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New Orleans, La. -
17 months have passed since the State Mineral Board called for an investigation of lucrative and questionable oil & gas leases handed out in the 1930's. The attorney general's office has spent over a year, figuring out whether the state has a way out of the leases.
"A blind man can see that this is totally wrong," says Keith Cressionnie, an independent researcher who has examined the history of the leases in detail. "Any governor and/or attorney general could have ended this at any point in time ."
We interviewed Cressionnie and co-researcher Norman Billiot for our series of stories that detailed those leases.
Our stories showed the oil leases were handed out in the 1930's by Governors James Noe and O.K. Allen. Then a portion of those leases were redirected back to the governors' company, the Win or Lose Corporation - a corporation formed by another former governor, Huey P. Long.
Descendants of Long, Noe and Allen still benefit from those leases today. Factoring in inflation, they've earned more than $1 billion.
"I just hope they do the right thing," says Cressionnie. "The citizens have waited long enough. I think 77 years is long enough for people to reap the reward for something that never should have happened."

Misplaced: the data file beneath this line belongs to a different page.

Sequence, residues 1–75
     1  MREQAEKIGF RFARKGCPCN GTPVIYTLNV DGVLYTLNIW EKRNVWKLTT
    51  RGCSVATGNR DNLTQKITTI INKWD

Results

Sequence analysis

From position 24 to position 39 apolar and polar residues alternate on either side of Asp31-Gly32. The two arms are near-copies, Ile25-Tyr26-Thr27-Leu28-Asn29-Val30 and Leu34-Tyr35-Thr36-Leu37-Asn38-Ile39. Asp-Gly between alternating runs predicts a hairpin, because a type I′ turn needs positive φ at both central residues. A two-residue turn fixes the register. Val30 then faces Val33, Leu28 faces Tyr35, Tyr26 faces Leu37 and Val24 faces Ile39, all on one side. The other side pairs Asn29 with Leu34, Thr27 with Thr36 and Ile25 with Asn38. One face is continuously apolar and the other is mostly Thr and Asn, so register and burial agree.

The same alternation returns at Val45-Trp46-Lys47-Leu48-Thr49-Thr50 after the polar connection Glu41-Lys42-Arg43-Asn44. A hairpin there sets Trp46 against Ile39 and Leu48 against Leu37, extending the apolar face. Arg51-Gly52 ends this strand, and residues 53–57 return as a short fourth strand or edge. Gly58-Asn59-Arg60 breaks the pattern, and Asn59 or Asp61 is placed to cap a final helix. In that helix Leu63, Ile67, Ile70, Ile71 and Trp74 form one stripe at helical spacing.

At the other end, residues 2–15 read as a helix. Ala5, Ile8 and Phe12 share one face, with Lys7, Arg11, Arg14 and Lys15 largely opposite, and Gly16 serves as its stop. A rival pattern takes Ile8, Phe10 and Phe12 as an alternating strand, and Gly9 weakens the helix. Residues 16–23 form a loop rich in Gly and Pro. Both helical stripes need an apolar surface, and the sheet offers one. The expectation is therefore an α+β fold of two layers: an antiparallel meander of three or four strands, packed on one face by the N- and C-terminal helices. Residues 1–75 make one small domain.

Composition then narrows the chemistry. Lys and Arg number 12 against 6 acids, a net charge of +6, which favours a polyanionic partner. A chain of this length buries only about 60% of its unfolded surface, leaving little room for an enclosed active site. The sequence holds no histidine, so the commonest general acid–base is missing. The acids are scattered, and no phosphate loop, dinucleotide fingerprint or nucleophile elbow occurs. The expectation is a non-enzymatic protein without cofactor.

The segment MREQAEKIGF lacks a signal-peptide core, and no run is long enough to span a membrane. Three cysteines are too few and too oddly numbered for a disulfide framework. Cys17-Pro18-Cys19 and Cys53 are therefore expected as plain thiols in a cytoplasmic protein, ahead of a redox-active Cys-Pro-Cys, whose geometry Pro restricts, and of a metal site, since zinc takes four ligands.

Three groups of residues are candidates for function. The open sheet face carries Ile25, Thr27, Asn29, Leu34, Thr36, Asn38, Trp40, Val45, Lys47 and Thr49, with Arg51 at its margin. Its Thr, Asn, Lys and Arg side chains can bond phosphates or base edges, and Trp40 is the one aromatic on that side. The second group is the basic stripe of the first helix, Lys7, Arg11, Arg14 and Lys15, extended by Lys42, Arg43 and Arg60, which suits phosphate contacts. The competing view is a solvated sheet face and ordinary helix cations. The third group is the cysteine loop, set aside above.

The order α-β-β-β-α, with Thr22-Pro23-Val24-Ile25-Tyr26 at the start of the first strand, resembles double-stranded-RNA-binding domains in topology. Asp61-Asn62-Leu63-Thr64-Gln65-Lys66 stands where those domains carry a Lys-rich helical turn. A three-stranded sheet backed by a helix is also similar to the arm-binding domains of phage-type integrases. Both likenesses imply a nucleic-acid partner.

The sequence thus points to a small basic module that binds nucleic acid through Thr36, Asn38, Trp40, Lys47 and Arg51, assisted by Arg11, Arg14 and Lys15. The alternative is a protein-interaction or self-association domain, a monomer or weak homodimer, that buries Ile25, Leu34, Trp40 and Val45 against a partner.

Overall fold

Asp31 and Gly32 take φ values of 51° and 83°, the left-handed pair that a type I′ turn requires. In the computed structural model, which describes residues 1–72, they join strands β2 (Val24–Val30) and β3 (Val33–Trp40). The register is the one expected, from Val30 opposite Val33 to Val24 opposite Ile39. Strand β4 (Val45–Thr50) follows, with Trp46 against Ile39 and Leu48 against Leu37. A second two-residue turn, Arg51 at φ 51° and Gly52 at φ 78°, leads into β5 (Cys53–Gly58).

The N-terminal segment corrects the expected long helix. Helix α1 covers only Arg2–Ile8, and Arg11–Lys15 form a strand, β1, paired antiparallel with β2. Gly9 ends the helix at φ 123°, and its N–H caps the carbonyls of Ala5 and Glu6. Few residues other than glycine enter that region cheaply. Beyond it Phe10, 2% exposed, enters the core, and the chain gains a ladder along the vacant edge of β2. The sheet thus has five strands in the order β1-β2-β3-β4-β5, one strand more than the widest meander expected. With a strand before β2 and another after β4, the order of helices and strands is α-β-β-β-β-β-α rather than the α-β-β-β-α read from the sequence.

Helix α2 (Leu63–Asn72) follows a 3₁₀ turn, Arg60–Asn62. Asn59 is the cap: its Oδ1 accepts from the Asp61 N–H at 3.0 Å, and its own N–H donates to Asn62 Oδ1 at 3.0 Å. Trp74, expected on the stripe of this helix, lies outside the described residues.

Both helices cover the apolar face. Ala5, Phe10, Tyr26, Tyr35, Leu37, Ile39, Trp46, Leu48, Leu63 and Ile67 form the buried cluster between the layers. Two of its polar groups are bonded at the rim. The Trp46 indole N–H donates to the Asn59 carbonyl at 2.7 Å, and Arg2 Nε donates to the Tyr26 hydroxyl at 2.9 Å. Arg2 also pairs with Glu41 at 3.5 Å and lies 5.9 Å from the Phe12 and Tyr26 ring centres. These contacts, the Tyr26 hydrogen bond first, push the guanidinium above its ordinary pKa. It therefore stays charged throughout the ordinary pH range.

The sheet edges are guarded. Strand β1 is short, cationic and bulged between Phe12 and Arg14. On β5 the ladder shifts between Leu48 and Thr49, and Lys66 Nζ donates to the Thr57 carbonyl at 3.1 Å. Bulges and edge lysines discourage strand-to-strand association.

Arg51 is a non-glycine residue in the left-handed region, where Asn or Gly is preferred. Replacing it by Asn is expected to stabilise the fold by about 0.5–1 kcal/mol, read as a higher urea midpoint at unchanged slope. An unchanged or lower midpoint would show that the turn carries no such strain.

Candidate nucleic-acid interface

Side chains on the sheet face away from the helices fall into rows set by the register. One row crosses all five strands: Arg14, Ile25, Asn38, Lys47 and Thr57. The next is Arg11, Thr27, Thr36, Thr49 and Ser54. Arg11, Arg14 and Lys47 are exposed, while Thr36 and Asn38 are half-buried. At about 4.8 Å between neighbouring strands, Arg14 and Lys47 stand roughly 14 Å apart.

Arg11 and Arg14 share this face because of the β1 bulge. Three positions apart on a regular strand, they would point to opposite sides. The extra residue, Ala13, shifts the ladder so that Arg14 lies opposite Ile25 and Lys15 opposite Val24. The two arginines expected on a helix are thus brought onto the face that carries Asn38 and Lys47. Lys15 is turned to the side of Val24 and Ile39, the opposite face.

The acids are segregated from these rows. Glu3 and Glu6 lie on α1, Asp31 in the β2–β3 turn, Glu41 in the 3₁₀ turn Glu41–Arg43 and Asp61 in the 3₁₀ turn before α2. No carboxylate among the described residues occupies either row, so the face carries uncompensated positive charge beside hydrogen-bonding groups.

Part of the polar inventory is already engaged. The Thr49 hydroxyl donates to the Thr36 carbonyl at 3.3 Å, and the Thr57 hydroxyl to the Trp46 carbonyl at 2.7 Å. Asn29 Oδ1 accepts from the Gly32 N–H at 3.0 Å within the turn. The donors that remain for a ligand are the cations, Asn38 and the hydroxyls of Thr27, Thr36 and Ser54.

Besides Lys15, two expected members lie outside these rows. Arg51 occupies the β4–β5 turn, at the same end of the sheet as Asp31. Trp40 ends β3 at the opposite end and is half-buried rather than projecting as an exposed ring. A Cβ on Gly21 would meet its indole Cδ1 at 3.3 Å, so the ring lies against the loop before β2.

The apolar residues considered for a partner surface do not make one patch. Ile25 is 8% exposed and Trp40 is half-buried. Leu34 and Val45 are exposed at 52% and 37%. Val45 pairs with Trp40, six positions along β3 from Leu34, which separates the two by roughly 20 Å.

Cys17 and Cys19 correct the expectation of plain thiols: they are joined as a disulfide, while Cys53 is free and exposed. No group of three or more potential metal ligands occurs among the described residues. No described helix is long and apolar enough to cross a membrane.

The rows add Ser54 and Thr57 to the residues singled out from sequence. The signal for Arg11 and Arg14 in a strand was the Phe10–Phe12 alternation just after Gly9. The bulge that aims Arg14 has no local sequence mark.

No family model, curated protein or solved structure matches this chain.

Wednesday morning, the attorney general will tell the mineral board whether the state can get out of the leases. Cressionnie says that report will say a lot about AG Buddy Caldwell, who has taken campaign contributions from some of the descendants profiting off the leases, according to state records.
"The marriage of the political and the influential togetherness has to stop some kind of way, where Joe Citizen has a chance," Cressionnie contends. "If they could take this case and show the people that there is hope for justice, and I think it will prevail."
"Yes, I'd love to see the State of Louisiana take the high road, for once, and not bury it under mounds and mounds of cash or of political influence," says Billiot.
Billiot says that influence came into play in May 2012 in Baton Rouge. After the mineral board asked the attorney general to investigate, a state lawmaker tried to get a ceremonial resolution passed that would urge the AG to look into the leases. But that resolution failed after a lobbyist urged lawmakers to vote no.
The longest-serving mineral board member told us that was a sign to him that there is a way out of the leases.
"Somebody thinks it's a concern," says Tom Arnold of the mineral board. "They wouldn't be making those phone calls."
The attorney general has refused our request for any interview. Wednesday, the office is expected to publicly say if the state has a way out of those 1930's oil leases. The leases have no end date and still send millions of dollars every year to descendants scattered in 21 different states.
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